This September, the US House of Representatives passed the Dog and Cat Meat Trade Prohibition Act of 2018, a bipartisan piece of legislation targeted to “prohibit the slaughter of dogs and cats for human consumption, and for other purposes” by specifically making it a felony to slaughter, buy, or sell a cat or dog with the intent to eat it. Although Jeff Denham, a Republican from California who sponsored the bill, admitted that rates of dog and cat meat consumption in the US are not high, “Adopting this policy…demonstrates our unity with other nations that have banned dog and cat meat, and it bolsters existing international efforts to crack down on the practice worldwide.”

On one hand, it’s unsurprising that a country where nearly 184 million cats and dogs make their homes as companion animals to humans would place a priority on preserving the lives of these creatures. But, on the other, the behemoth of American agribusiness and the record-setting diet of the average American consumer predicted to eat over 220 pounds of red meat and poultry in 2018 might also lead one to ask: what is so special about these two particular animals? Why are we happy to eat pigs, cows, and chickens, but – if this new Act is eventually signed into law – may face federal penalties for eating comparably similar nonhuman creatures?

This is the question Melanie Joy takes up in her 2010 book Why We Love Dogs, Eat Pigs, and Wear Cows: An Introduction to Carnism. Joy argues that it is is simply a matter of cultural perspective which leads people in the US to view some animals as food and others as friends; empowered by a violent ideology labeled carnism, Joy explains how a variety of social and historical facts have developed over time into a system that conditions the majority of US citizens to simply take for granted that different species of animals are categorized in various arbitrary ways. It’s not the case that most meat-eaters have consciously chosen to eat some animals and not others; it is instead the case that, because carnism operates invisibly, most carnists have simply never actually considered the question of what they are actually eating.

Roughly twenty years ago, my family sat down to dinner in the home of a Saudi-Arabian national; as a normal part of the meal, a goat had been killed, prepared, and served on a large platter as a main course. Two decades later, my mother still tells the story of how uncomfortable she felt when the platter was placed directly in front of her, forcing her to face the empty eye sockets of her dinner’s skull for the duration of her meal.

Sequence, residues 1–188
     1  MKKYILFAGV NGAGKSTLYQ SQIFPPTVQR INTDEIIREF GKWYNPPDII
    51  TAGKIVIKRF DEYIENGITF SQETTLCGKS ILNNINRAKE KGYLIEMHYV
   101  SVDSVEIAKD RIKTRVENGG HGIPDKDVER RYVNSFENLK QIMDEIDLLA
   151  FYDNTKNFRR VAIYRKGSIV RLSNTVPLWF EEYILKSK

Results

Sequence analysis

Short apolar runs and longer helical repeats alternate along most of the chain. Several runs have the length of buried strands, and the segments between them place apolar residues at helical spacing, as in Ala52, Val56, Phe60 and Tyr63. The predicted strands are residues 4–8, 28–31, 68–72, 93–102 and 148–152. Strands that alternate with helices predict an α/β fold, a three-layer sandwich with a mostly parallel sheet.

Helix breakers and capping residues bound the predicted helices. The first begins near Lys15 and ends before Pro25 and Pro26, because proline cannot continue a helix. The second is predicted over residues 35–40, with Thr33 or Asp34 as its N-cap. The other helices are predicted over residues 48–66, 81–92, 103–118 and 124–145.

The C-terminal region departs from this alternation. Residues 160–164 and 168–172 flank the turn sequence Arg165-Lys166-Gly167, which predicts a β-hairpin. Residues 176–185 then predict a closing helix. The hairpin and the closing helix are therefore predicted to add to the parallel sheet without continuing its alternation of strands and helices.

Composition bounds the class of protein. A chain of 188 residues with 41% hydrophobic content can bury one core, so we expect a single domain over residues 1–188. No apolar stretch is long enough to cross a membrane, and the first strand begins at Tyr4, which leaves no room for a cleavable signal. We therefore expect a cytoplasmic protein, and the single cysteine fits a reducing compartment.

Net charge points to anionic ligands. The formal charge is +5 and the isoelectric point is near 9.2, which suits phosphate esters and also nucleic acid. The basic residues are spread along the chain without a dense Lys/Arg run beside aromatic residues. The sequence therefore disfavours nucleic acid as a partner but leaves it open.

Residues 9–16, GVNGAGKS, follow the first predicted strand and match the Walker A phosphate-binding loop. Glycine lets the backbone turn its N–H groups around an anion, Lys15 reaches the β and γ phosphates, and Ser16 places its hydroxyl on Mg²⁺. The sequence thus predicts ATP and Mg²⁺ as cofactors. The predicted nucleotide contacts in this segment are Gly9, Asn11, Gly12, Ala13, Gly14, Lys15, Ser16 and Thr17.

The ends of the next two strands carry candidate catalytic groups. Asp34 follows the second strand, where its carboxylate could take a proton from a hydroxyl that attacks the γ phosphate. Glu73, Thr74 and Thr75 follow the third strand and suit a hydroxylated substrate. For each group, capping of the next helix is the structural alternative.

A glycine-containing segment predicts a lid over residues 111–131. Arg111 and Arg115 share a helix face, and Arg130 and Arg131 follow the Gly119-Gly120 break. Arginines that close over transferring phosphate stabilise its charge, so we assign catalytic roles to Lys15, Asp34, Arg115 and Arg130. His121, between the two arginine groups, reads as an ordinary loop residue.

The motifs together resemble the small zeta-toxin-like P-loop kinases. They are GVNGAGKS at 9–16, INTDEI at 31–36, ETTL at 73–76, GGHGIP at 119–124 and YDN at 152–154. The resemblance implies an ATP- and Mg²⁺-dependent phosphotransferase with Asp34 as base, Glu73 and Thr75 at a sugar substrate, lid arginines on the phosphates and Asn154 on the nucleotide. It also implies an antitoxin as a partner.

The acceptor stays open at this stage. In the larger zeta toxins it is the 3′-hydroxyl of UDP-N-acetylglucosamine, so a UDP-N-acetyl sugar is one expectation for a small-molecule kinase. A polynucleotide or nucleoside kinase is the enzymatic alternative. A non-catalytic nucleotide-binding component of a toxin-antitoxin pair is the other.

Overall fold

The presence of the goat’s head on that dinner table remains memorable because it violated a key principle of carnism: invisibility. Normally in the West, animal slaughtering practices are removed from the public eye, allowing carnism to promote what Joy calls ‘psychic numbing’ as eaters mentally disconnect the animality of meat from its role as food. Trying to have a polite meal with a reminder of one’s dinner’s pre-mortem life as a centerpiece unavoidably grates against that invisibility.

So, because cats and dogs are less invisible to most Westerners, the thought of betraying our species-level relationship with them by treating them like food sounds reprehensible; doing so to other animals is contingently easier because they are socially removed from our general experience. Joy argues that such a disparity is ultimately inconsistent; pigs and dogs, for example, are far too similar in emotional, intellectual, and physical capacities to justify being treated so differently. However, raising the awareness of the current carnist state’s arbitrary conclusions will take time.

For now, the potential ban on cat and dog consumption still has several legislative steps ahead of it before it becomes a law, but with support from the Humane Society of America, People for the Ethical Treatment of Animals, and cosponsorship from congresspersons representing eight different US states, animal rights advocates are celebrating this incremental step towards protecting vulnerable creatures. Whether or not similar legislation protecting other defenseless animals will eventually make its way to the floor of Congress seems unlikely given the strong ideology of carnism, but, as Shakespeare’s Richmond says in Richard III, “True hope is swift and flies with swallow’s wings.”